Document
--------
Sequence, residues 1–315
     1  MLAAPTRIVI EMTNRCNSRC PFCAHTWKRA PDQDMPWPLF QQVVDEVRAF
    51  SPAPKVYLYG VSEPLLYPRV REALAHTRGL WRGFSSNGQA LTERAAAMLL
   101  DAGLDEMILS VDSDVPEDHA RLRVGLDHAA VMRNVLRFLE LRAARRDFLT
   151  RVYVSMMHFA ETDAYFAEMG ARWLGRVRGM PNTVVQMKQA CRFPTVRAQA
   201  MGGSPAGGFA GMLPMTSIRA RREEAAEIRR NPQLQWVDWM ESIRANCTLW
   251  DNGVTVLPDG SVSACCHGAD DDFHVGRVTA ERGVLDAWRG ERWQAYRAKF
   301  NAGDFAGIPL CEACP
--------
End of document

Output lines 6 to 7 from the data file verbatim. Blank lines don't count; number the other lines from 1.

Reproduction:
   201  MGGSPAGGFA GMLPMTSIRA RREEAAEIRR NPQLQWVDWM ESIRANCTLW
   251  DNGVTVLPDG SVSACCHGAD DDFHVGRVTA ERGVLDAWRG ERWQAYRAKF